Review first published by Film4.
Synopsis: An anthology of comicbook tales from the crypt, made on the dream (or nightmare) ticket of fright auteur George A Romero and bestselling horror writer Stephen King.
Review: Ang Lee’s Hulk (2003), Robert Rodriguez’s Sin City (2005) and Zack Snyder’s 300 (2006) have all exploited advances in digital technology to find visual stylisations that reflect a comic-book’s layout – but before all of these, and before the CGI effects that made them possible, there was Creepshow, George A Romero’s tribute to the ghoulish EC Comics of his youth.
Framed by a story about a domineering father (Tom Atkins) who pays a heavy price for confiscating the horror comic of his pain-in-the-neck son (Joe King), Creepshow is an anthology of five gruesome tales that come to life from the discarded comic-book’s pages – each using inset screens, cartoonish captions, lurid colour design and animated bridging sections to remind us of their comicbook origins.
Unlike Amicus’s Tales From The Crypt (1972) and The Vault Of Horror (1973), Creepshow does not lift its episodes direct from the EC classics, but rather pays loving homage to its inspiration with five (six, really) all-new spooky yarns by Stephen King (yes, the Stephen King) that perfectly capture the EC blend of macabre sensationalism, twisted morality and black humour.
The first tale sets the comic tone for the whole film, its very title, ‘Father’s Day’, absurdly parodying the holiday-set horrors that were so popular in the early 1980s (Black Christmas, Halloween, Friday The Thirteenth, etc.). In it, a cantankerous old patriarch (John Amplas) returns from the grave to harry his surviving family members with a surreal catchphrase (“I want my cake!”) while serving them their own just desserts. Watch out for a young Ed Harris as one of the victims, just before he rocketed to fame in The Right Stuff (1983).
Next up is ‘The Lonesome Death Of Jordy Verrill’, in which redneck ‘nunkhead’ Verrill (Stephen King himself) sees modest opportunity in a fallen meteor, unwittingly sowing the seeds for his own, and the world’s, destruction. This funny but grim vision of human fallibility and cosmic apocalypse stands out both for the famous author’s over-the-top performance and for being the only story in the film that does not involve objectionable characters getting their grisly come-uppance.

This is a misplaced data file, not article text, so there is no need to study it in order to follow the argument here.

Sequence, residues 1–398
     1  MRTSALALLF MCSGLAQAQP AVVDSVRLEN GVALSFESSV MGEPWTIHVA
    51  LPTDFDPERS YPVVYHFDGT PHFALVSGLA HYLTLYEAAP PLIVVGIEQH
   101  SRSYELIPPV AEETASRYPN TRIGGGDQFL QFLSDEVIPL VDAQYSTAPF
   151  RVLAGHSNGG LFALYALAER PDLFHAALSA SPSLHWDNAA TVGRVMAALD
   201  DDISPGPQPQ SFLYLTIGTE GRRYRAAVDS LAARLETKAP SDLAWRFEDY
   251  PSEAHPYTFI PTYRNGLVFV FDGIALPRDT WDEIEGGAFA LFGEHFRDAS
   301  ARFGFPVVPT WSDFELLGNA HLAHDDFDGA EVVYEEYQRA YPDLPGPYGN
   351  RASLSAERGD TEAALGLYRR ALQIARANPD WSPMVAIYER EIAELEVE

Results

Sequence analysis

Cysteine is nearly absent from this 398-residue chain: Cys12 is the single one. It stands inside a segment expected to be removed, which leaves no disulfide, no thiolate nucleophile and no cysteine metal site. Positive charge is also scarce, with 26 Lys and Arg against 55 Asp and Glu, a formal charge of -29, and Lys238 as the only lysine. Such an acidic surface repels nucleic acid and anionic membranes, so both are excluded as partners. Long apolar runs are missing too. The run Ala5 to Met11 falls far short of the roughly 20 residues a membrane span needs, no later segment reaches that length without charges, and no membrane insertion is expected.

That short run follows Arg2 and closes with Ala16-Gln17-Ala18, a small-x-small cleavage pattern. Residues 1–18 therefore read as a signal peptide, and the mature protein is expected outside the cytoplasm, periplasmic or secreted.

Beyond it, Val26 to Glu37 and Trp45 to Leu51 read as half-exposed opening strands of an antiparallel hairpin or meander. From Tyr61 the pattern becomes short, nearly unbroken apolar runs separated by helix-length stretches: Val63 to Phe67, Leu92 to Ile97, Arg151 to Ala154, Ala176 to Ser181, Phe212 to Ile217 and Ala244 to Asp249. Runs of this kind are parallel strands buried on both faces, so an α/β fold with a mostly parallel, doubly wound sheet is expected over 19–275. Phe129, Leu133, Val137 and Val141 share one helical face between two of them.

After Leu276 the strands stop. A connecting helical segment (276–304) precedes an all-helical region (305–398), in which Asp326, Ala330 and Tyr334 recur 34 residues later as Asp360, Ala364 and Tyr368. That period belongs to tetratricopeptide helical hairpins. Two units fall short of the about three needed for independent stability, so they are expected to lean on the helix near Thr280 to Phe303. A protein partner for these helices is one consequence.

In ‘Something To Tide You Over’, Richard Vickers (Leslie Nielsen) turns the tables – and the tides – on his adulterous wife (Gaylen Ross) and her lover (a pre-‘Cheers’ Ted Danson), but they will get the last laugh from their watery graves. Nielsen made Creepshow after a host of serious film and television roles (he even screen-tested for Ben-Hur), but before his more slapstick incarnation in the Naked Gun franchise – and here his Richard, both menacing and funny, showcases both sides of the actor at their best.
The longest story is also the best. In ‘The Crate’, when zoology professor Dexter Stanley (Fritz Weaver) discovers a ravenous arctic carnivore locked away in an old crate, his friend, the mild-mannered, hen-pecked academic Henry Northrop (Hal Holbrook), lets the creature do what he himself cannot to his coarse, drunken harridan of a wife (Adrienne Barbeau). Combining nuanced acting with outrageous gore, it is a tale of what happens when the monstrously repressed come out of the closet, complete with a wonderfully subtle gay subtext.
Last but not least is ‘They’re Creeping Up On You’, in which reclusive, hygiene-obsessed magnate Upson Pratt (E.G. Marshall) finds his dog-eat-dog business practices coming back to haunt him when his hermetically sealed apartment admits the mother of all infestations. Nobody likes cockroaches, and this episode has them to spare, guaranteeing squirming formication in even the most unflappable of viewers.
Coming from the director of Night Of The Living Dead, The Crazies, Martin and Dawn Of The Dead, Creepshow faces insurmountably formidable competition for the title of Romero’s best film, but it was certainly his most popular, even attaining the number one ranking at the American box office for a week. Not bad for a low-budget, independent horror film, although the success of Romero’s least political film is easy enough to understand: cut-to-the-kill plotting, straight-faced acting, cheesy gore, John Harrison’s memorable soundtrack and, most of all, a script that never forgets its own inherent preposterousness.
“There’s a funny side to it,” as Henry Northrop tells his wife moments before her bloody (and almost deserved) demise. “Wait till you see for yourself.”
In A Nutshell: This horror omnibus tickles the funny bone while stripping it of its flesh, so that hysterical laughter comes as fast as the frights and as thick as the blood.